Single Purpose Web Dev Browser

Posted on timeFebruary 7th, 2009 by userRay Baxter

I’m writing more Javascript and AJAX these days, so not coincidentally, I am also spending more time:

  • Inspecting the DOM of pages.
  • Checking the validity of CSS and XHTML.
  • Checking for Javascript syntax errors.
  • Breakpointing Javascript.
  • Viewing the rendered source of pages.

On top of that, there are a number of other tasks that I do frequently as I develop for the web:

  • Measuring page load time.
  • Snoop on, and alter, http requests and responses.
  • Clear and/or disable the cache.
  • Clear all or selected cookies.
  • Spoof a site as a different browser.

For all of these tasks, Firefox is the browser for me. There are useful tools for Safari, Internet Explorer and, I assume, Google Chrome, but Firefox with the Firebug, DOM Inspector, Live HTTP Headers, Tamper Data, User Agent Switcher, View Source Chart, Web Developer and YSlow plugins is the set of tools that I am the most comfortable using for these tasks.

The problem usually is that I don’t really want all of these extensions around when I am focused on reading or casually surfing the web. This morning, it occurred to me that I could use the techniques that I used in creating Firefoxen to create a special purpose web application development browser.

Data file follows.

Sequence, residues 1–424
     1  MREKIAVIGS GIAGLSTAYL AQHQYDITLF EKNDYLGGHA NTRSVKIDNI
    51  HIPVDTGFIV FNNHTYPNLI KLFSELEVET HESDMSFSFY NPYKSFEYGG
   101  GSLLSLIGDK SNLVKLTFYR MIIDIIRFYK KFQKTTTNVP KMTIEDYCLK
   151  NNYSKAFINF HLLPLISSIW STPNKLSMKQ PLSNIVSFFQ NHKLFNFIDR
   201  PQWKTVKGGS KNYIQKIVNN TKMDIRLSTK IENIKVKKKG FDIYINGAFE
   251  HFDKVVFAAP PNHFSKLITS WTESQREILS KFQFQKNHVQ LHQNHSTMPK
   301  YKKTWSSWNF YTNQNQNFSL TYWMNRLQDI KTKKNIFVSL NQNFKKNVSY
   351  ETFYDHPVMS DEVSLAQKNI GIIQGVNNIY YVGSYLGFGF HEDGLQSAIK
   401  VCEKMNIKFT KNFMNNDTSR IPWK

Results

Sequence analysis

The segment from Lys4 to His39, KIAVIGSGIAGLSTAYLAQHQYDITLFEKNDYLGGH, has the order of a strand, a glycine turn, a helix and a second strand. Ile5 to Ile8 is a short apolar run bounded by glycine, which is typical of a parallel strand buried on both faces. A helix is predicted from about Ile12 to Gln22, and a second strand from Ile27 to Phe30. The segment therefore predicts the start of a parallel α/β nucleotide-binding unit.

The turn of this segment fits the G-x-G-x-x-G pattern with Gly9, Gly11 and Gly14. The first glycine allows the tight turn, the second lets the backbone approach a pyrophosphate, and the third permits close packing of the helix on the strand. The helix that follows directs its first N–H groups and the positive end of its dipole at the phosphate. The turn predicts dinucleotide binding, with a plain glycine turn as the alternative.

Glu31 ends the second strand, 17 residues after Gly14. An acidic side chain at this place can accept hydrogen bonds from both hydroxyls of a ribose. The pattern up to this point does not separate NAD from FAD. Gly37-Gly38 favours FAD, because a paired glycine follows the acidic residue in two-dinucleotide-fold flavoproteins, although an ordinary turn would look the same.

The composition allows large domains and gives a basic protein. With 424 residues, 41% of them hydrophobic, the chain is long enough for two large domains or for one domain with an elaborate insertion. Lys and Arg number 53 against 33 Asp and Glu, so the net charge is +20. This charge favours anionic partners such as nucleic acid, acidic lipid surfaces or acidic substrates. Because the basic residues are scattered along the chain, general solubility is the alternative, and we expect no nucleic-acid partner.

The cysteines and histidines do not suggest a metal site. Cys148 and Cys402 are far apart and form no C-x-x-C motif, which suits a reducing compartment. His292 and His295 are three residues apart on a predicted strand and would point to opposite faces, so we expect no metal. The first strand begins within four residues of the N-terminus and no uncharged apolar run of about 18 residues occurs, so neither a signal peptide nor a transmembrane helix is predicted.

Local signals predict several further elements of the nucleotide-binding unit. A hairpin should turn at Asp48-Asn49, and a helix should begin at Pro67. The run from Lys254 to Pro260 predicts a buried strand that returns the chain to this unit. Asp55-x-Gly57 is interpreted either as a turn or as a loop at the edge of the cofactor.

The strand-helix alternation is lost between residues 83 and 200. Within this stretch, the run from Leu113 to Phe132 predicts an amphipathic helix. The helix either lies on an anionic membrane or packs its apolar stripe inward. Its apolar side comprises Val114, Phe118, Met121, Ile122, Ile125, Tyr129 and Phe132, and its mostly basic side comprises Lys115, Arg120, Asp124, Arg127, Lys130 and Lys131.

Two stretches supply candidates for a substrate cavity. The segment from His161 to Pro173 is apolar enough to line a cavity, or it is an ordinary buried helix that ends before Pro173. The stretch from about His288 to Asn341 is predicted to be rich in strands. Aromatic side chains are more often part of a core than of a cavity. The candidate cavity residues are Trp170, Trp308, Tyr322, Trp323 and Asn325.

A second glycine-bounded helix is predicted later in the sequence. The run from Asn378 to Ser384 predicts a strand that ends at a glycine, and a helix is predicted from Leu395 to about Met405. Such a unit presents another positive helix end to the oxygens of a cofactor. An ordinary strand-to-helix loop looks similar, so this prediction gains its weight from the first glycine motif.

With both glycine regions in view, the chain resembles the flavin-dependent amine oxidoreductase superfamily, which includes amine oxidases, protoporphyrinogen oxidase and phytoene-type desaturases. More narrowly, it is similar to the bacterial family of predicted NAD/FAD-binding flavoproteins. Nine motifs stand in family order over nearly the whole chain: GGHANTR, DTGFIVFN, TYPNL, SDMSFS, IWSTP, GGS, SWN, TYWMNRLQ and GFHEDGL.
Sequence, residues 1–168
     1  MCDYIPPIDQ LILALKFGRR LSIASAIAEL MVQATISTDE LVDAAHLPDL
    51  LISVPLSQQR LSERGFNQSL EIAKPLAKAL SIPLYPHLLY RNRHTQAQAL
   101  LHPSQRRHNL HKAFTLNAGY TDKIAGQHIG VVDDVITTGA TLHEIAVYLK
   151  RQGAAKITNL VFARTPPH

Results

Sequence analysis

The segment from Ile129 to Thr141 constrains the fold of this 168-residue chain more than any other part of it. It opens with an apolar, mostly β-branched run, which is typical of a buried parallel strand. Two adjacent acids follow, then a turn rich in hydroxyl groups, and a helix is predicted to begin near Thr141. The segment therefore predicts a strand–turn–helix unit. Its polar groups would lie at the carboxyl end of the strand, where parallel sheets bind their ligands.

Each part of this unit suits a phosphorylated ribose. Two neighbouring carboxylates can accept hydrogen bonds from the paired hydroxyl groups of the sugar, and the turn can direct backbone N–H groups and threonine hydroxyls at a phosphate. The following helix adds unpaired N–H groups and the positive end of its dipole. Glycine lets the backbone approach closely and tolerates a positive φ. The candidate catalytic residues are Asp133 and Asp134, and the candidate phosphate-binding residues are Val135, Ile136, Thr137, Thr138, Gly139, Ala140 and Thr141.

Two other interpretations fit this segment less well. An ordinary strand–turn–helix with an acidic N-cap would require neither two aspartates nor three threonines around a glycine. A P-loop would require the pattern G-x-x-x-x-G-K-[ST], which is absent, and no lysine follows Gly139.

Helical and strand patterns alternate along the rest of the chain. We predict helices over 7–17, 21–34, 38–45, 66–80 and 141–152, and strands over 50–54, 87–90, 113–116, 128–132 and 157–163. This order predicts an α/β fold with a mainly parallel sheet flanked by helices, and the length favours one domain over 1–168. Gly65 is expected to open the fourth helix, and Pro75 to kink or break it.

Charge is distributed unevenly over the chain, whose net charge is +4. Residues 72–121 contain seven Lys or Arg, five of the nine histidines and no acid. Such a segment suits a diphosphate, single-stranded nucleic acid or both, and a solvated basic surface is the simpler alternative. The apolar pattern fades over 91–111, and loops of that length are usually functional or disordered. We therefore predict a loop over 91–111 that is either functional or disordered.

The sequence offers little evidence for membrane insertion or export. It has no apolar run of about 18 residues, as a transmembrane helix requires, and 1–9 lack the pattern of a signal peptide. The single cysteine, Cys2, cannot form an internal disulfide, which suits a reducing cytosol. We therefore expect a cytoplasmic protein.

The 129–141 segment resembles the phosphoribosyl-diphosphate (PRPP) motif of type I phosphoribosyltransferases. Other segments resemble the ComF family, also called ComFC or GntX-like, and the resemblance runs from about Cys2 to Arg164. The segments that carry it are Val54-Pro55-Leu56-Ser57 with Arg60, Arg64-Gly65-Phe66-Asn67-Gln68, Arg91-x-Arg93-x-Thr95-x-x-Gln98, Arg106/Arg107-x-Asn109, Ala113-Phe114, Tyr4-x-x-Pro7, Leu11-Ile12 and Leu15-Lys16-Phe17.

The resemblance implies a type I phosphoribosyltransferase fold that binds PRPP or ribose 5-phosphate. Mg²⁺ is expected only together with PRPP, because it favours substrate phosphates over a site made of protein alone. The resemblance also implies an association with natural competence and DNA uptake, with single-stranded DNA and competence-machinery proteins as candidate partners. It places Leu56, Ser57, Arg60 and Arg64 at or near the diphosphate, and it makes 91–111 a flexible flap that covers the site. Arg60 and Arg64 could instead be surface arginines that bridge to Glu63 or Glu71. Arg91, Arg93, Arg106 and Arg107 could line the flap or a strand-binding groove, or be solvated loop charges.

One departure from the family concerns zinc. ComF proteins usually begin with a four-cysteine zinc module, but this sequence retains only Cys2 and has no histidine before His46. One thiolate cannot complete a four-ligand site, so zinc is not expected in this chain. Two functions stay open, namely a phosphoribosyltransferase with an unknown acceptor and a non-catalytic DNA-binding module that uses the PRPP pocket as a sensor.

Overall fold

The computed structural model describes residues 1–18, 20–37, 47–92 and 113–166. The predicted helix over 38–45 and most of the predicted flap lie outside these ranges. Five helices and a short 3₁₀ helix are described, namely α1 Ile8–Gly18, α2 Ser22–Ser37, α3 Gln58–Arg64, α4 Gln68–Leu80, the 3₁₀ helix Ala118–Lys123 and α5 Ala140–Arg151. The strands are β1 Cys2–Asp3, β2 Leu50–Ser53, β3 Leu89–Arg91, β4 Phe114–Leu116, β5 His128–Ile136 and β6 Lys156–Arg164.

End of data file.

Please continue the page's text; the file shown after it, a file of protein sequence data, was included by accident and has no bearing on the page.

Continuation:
A few minutes later:

WebFox in action!

Here is what I did.

# Make a copy of Firefox
cp -pr /Applications/ /Applications/
# Create a new profile, I called mine WebFox -P
# I used my existing profile as a baseline, you might not want to
cd ~/Library/Application\ Support/Firefox/Profiles/
rm -fr 40of1s4x.WebFox/
cp -pr u5qu37ob.default 40of1s4x.WebFox
# Change the Bundle Name to "WebFox"
open /Applications/ 
# Change launch-ff command to (no quotes) 
# "/Applications/ -P WebFox"
vi /Applications/ 
# CFBundleName is WebFox for display in the tool bar
# You probably need the Developer Tools installed for this to work
open /Applications/

Here’s the gist, if you roll that way.

Once you’ve done all that, then you can WebFox (open -a WebFox, or clicking) and modify the extensions to suit your way of working.

That’s it. How it helps someone.


tag2 Responses to “Single Purpose Web Dev Browser”

  1. Morgan Says:


    Interesting; I was just doing this myself. I’ve been using Fluid, and I _really_ like it, but I want Firefox as the base instead of Safari, and I want multiple profiles, so I can have two of them logged into a site at the same time with different credentials, different plugins, etc…

    I took a slightly different tack. I soft-linked nearly everything in my app to /Applications/{whatever the original path was}

    I kept Info.plist unlinked, and put my own firefox.icns file in Resources, but otherwise everything else soft-links over, to keep the app weight very light (and potentially easy to clone for more sites). Now I’m dithering about the shell script. Currently I have the top level MacOS directory soft linked, but if I want to run my own firefox-bin, I’d need to link all 45 files in that directory instead. There’s got to be a better way…

    — Morgan

  2. Chad Says:

    What’s this launch-ff ??

    Basically i’ve done something similar, but what i want is it to work well with my dock – Have an 2 firefox icons, one for each profile, different names, and each one launches (does not trigger a separate firefox to launch).

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